No, you are wrong. Using two karabiners increases the friction in both cases.
It will increase the surface that the rope runs over - hence an increase in the potantial 'friction'. However the bigger radius reduces the braking effect is what I've been told.
You run a rope over a standard crab and load it; you run the same rope over a polished 10cm bar and load it. My experience is that the latter is harder to hold.
Isn't that how a Wild Country VRC operates; by provided a more or less acute angle on the rope?
No, increasing the area doesn´t increase the friction. Amontons' Second Law: The force of friction is independent of the apparent area of contact.
However the majority (ca.60%)of what we call friction over a karabiner is in fact not friction but the work done bending the rope or bending resistance. This is why the tighter the bend radius the more resistance is felt.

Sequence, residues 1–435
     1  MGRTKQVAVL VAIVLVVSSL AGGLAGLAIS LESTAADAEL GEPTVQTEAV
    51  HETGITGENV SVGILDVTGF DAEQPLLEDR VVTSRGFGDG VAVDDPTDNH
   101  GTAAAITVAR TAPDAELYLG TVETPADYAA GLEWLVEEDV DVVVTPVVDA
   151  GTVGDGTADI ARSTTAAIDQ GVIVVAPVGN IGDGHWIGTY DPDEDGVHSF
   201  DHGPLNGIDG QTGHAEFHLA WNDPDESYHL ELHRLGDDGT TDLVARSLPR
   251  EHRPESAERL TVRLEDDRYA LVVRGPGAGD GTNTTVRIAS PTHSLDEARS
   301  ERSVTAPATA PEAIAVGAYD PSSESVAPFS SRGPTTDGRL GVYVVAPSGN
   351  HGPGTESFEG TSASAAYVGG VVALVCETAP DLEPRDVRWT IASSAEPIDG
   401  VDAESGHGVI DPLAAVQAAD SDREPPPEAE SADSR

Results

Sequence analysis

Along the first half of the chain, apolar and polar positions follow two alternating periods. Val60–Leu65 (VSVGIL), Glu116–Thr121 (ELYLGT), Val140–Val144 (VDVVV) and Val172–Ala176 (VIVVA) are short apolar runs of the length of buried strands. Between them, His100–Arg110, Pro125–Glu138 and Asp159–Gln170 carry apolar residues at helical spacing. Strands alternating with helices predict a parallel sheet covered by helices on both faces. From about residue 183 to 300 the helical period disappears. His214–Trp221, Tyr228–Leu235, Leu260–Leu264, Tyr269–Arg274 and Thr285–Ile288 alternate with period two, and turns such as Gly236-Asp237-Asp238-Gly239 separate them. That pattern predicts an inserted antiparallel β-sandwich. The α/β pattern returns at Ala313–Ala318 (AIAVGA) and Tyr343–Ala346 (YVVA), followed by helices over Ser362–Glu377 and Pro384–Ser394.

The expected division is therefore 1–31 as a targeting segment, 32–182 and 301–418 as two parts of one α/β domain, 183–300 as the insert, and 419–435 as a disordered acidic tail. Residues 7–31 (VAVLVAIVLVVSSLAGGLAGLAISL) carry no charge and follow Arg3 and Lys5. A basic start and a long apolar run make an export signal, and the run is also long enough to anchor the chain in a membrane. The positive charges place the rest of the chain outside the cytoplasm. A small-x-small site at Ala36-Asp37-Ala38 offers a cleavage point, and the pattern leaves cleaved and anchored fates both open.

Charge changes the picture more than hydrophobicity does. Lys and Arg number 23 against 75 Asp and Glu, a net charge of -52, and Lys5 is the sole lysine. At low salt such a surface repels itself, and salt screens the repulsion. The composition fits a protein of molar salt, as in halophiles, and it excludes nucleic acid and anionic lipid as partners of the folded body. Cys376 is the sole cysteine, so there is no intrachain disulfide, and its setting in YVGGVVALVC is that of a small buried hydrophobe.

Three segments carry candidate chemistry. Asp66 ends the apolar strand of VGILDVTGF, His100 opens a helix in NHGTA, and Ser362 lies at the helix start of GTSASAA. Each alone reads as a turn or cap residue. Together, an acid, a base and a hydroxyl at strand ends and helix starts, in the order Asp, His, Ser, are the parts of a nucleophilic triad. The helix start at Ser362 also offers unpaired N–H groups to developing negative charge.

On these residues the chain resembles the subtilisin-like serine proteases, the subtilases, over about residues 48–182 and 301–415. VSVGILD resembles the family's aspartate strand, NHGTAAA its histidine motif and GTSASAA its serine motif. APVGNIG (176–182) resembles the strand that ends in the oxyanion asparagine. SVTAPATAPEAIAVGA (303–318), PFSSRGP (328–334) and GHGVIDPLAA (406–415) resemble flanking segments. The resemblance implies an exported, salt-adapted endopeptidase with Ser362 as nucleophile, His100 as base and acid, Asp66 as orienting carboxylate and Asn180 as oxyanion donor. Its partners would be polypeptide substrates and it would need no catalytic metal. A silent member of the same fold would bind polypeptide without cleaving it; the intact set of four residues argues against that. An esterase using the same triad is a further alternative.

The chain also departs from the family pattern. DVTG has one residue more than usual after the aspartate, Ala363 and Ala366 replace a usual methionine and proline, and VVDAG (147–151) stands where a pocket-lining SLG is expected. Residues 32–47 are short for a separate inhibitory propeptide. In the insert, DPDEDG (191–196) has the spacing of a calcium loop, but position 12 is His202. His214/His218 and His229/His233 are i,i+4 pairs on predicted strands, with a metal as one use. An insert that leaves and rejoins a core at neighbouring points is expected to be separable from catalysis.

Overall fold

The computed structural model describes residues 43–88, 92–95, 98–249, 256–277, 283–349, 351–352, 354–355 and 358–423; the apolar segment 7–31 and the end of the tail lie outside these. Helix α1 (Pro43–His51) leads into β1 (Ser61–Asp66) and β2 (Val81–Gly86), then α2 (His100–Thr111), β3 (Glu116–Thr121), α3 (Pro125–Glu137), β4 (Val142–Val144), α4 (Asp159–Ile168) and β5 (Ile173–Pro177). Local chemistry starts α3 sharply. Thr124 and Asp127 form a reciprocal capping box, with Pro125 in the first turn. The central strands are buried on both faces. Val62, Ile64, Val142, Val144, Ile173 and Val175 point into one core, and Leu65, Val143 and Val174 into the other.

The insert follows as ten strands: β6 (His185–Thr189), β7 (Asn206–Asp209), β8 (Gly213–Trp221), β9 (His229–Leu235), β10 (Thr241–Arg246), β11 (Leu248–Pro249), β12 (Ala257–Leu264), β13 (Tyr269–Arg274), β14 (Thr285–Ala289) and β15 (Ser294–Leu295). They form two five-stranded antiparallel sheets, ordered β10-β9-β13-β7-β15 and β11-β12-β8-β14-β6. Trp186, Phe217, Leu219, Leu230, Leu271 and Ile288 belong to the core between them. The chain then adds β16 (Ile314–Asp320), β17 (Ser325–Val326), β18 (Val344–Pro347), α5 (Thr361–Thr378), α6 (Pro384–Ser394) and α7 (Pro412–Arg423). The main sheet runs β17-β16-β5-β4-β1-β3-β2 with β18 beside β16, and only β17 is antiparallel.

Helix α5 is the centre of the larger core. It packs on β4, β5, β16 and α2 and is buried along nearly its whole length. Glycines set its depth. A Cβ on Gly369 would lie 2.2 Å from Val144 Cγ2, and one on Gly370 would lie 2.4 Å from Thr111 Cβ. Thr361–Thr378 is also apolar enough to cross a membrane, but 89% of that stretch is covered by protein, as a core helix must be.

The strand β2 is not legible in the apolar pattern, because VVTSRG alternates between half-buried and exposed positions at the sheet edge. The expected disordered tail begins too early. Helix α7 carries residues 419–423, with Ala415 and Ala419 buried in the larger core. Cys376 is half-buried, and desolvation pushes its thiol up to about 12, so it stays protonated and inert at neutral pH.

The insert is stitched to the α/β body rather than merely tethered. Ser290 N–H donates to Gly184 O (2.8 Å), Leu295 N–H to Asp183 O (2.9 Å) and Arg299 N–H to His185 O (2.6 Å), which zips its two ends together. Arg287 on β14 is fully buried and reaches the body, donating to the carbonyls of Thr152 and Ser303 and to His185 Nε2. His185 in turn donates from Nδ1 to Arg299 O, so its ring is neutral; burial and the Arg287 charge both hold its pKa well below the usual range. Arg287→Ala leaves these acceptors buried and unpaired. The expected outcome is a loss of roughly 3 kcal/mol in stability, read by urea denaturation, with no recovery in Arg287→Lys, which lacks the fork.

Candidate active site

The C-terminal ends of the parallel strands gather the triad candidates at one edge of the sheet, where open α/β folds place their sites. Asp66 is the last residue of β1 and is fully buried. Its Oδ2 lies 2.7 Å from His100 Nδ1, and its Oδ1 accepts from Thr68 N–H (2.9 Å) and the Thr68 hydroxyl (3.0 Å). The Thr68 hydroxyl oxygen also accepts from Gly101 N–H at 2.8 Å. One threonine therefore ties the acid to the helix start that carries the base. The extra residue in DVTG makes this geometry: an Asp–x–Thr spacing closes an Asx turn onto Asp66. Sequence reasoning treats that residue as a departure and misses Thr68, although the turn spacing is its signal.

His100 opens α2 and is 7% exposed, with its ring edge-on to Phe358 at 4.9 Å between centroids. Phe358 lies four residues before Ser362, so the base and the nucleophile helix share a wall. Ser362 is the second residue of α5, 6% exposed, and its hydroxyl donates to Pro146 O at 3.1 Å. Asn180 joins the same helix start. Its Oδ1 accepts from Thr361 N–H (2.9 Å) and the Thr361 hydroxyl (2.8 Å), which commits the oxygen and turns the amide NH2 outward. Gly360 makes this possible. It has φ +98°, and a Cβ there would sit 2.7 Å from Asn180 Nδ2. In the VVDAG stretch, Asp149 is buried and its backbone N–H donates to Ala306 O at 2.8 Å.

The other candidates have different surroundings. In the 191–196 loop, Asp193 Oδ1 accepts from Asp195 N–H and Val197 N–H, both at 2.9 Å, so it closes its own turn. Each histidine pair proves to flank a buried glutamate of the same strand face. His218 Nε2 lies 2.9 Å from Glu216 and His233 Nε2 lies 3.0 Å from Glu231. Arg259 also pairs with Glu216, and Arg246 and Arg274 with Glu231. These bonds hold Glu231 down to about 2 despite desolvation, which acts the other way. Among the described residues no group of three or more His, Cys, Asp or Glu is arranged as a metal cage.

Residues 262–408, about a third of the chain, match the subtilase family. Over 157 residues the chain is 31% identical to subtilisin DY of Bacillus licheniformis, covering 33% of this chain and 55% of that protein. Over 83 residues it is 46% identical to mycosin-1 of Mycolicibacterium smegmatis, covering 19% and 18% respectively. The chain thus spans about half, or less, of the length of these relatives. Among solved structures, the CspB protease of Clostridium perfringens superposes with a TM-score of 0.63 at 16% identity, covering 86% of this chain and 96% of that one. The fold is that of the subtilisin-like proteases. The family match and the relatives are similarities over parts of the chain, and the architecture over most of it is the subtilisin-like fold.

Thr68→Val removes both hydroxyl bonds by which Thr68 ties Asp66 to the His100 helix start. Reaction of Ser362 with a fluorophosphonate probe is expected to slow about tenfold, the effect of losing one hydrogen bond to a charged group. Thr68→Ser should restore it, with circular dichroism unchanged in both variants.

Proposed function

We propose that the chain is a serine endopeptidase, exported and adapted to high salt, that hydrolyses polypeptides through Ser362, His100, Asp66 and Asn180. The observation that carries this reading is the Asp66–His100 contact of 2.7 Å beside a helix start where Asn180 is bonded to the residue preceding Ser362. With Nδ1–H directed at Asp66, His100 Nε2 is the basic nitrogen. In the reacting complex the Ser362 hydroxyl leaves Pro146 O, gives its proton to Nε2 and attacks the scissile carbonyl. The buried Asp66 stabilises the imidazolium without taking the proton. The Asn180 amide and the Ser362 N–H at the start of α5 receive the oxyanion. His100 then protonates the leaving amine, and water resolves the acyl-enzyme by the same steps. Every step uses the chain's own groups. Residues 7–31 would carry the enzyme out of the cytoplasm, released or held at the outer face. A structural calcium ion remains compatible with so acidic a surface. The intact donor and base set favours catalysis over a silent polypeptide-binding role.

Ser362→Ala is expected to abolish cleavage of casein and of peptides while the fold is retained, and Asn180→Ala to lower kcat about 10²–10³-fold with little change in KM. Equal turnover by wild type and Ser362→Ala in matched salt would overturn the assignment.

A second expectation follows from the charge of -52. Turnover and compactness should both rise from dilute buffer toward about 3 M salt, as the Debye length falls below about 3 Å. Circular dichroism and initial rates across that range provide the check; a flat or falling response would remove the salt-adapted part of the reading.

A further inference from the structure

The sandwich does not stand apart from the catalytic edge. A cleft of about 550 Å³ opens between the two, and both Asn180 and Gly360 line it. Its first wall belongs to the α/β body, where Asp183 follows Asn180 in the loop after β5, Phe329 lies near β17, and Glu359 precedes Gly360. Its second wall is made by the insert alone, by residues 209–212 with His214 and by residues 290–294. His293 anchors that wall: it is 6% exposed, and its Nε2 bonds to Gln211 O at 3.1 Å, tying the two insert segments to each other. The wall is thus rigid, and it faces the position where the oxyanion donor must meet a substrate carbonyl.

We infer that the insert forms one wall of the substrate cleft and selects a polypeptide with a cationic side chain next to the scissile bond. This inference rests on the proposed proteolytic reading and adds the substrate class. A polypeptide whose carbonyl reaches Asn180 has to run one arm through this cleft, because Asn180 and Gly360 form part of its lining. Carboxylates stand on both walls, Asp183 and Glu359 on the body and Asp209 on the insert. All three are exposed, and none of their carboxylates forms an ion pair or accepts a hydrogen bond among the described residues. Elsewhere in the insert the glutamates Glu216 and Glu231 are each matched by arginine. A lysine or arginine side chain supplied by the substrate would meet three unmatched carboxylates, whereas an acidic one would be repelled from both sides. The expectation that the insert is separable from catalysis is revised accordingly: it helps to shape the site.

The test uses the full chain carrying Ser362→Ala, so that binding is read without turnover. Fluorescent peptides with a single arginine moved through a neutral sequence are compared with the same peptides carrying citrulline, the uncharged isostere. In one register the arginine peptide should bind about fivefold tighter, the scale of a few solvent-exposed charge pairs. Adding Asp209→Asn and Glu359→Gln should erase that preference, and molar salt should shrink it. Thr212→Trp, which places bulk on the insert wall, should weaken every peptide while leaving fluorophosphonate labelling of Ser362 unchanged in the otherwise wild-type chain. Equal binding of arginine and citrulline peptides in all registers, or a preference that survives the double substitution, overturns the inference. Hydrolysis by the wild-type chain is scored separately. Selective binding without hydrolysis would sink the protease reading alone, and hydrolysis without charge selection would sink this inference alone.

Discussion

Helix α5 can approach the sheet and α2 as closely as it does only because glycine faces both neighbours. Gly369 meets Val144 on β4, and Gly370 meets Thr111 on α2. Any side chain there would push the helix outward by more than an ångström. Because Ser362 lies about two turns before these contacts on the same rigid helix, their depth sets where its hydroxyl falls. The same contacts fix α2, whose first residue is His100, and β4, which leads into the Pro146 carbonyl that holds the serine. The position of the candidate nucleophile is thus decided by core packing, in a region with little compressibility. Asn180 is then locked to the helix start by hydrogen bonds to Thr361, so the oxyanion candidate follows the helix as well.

Using two karabiners is not increasing the radiius but splitting it into two parts, for example 180° around a karabiner becomes 2 X 90° as the rope goes straight between the two karabiners. To bend the rope around the first karabiner takes force and to straighten it again some more force, the same occurs on the second karabiner and the total of these forces is greater than the force required for a single karabiner.
The increased resistance for two karabiners versus a single one is around 10-20% (depending on rope/karabiner and load) and increases at a decreasing rate with every subsequent karabiner until for normal equipment and loads no increase is seen after about 5 karabiners.